A great utility for experimenting with different starting character races and bloodlines is EVEHQ , which contains a very useful Character Creation Tool. With EVEHQ, you can model your starting character, and then develop optimal skill training and/or attribute remapping plans, thus enabling your character to use the equipment or perform the tasks needed for your desired ISK-making activities in the shortest time.
Developing a career plan: What will you be when you grow up?
Do the starter career mission tracks
Once you've established your character or alt, you should play all five of the starter career mission tracks offered: industry, military, exploration, business, and advanced military. These career introduction missions dish out numerous additional skills for free, and each is nicely explained in practice - sometimes with special "civilian" versions of the necessary module so you can try out the mechanic before training the skill needed for the real version of the module in question.
To access these career mission tracks, press the F12 key, then select "Show Career Agents". These introductory missions are entirely optional, but highly recommended because they provide essential skillbooks, ships, and some initial capital, with a relatively minor investment in time. The starter missions also teach you the basics of the principal career options for making money in EVE.
- Industry missions cover the basics of mining, refining and manufacturing of goods. Industrial tycoons can create enormous wealth in the EVE universe, but not without a lot of strong competition. Mining is a popular way to make money, too. But manufacturing tends not to generate any real profits until you have learned some highly advanced skills and invested heavily in blueprints. Planetary industry requires a substantial initial investment, but can provide a steady stream of income to supplement your industial income.
- Business missions introduce players to EVE's open and comprehensive market system. With good trading skills, EVE players can earn substantial ISK without ever undocking from a station. You can also earn a good income from hauling goods between trade hubs, buying low in one location and then selling high in another. The business missions reward you with a basic industrial ship for free, and the starter systems offer a potential market opportunity for many goods that are in demand for new characters.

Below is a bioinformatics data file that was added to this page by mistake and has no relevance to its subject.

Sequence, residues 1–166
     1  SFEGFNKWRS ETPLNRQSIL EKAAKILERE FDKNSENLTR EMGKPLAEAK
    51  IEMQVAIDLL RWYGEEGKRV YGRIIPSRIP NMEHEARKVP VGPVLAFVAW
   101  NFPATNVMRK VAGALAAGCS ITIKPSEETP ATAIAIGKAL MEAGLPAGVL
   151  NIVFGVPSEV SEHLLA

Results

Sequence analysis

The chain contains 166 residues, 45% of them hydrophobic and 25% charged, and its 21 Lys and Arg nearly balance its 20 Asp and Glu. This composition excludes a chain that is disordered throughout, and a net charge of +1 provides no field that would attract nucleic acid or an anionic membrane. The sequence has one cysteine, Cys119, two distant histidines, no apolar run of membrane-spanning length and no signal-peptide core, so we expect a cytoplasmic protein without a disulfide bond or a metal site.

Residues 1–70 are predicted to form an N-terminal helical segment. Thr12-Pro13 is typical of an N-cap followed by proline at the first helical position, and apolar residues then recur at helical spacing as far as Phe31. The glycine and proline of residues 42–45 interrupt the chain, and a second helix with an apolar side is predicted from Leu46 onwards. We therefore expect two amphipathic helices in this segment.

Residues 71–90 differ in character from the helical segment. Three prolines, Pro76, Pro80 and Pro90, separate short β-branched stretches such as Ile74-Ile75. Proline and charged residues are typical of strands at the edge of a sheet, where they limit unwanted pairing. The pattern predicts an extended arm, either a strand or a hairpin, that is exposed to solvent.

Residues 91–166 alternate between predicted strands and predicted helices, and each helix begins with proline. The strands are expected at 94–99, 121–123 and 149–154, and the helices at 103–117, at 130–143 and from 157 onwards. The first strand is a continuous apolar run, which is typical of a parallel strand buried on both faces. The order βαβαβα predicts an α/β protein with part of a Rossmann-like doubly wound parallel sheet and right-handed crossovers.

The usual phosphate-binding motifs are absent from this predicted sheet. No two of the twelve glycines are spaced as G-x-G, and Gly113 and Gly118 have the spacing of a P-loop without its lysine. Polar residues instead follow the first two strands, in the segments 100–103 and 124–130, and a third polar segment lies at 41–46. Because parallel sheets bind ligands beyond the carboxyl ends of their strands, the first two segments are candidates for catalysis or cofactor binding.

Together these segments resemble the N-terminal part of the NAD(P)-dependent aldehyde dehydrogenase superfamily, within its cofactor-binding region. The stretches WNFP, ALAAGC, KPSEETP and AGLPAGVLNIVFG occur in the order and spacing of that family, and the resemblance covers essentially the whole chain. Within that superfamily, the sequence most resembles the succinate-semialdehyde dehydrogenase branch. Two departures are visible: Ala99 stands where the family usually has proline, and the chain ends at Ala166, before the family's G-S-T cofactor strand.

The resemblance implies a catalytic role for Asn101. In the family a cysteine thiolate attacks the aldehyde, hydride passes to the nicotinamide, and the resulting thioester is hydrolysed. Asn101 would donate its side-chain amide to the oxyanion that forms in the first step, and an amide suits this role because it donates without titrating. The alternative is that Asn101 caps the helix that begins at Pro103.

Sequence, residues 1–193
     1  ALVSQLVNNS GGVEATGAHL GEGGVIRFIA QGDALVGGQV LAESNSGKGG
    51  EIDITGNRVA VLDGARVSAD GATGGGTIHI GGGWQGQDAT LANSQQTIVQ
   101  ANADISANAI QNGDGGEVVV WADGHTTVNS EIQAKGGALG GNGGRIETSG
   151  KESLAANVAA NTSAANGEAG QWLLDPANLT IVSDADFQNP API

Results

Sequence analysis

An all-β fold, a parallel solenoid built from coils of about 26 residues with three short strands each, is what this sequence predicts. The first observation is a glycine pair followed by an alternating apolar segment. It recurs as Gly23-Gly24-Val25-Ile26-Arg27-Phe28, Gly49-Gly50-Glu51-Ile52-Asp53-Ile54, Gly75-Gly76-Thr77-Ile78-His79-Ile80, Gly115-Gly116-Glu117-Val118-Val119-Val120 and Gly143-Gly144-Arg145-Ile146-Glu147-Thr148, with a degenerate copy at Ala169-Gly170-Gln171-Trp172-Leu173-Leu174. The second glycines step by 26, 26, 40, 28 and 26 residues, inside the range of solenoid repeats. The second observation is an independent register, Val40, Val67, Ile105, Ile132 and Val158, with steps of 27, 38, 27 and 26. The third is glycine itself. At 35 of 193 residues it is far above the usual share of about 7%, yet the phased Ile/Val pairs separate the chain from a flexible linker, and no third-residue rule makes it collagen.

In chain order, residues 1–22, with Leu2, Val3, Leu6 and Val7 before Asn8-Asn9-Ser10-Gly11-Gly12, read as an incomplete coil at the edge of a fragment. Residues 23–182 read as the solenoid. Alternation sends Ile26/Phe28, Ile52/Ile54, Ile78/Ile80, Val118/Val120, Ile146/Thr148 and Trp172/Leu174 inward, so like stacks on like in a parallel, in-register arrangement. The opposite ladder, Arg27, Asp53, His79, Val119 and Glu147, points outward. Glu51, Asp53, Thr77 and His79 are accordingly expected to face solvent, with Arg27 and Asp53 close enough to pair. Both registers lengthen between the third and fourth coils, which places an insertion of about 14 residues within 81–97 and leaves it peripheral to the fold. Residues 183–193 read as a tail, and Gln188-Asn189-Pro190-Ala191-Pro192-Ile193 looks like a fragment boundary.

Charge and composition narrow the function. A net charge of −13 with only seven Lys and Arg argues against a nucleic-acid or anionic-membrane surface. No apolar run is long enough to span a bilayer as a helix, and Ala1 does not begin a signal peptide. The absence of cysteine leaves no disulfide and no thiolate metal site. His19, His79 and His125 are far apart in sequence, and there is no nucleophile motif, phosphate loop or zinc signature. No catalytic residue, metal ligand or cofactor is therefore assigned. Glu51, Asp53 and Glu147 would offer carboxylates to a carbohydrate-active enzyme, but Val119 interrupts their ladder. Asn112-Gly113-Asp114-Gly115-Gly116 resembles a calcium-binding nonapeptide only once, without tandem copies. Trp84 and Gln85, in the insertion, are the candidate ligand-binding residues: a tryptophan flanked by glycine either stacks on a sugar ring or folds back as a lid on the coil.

- Military missions cover the most obvious way of playing EVE - shooting stuff for loot and salvage. Initially, you have the skills to fly a frigate of your race.
- Exploration missions cover the discovery of valuable sites in EVE space - wormholes, deadspace pockets, and undiscovered archeology sites, among others. These missions show you how to use the scanner and probes, and how to identify and exploit the sites you discover.
- Advanced Military missions will introduce you to the finer details of EVE combat. These missions are more difficult than those of in the Military career track, and as a result, these should be taken after the other track is completed. This more advanced track will teach you how to assist others in order to overcome a threat, as well as the effects of the various weapon damage types. Once finished, you will have all the basic knowledge required to dive head first into the ever raging war between the factions of EVE Online.
After the five career introductions, each consisting of ten missions, you will be pointed towards the first epic mission arc of EVE, "The Blood-Stained Stars". While a definite challenge for a new player, this 50-mission arc provides some substantial rewards, and is worth finishing. The arc takes you all over the safe empire space and you can freely branch off to do other things, returning to the arc later as you choose. If you decide to pursue this arc, you should read the handy mission guide on our wiki: The Blood-Stained Stars.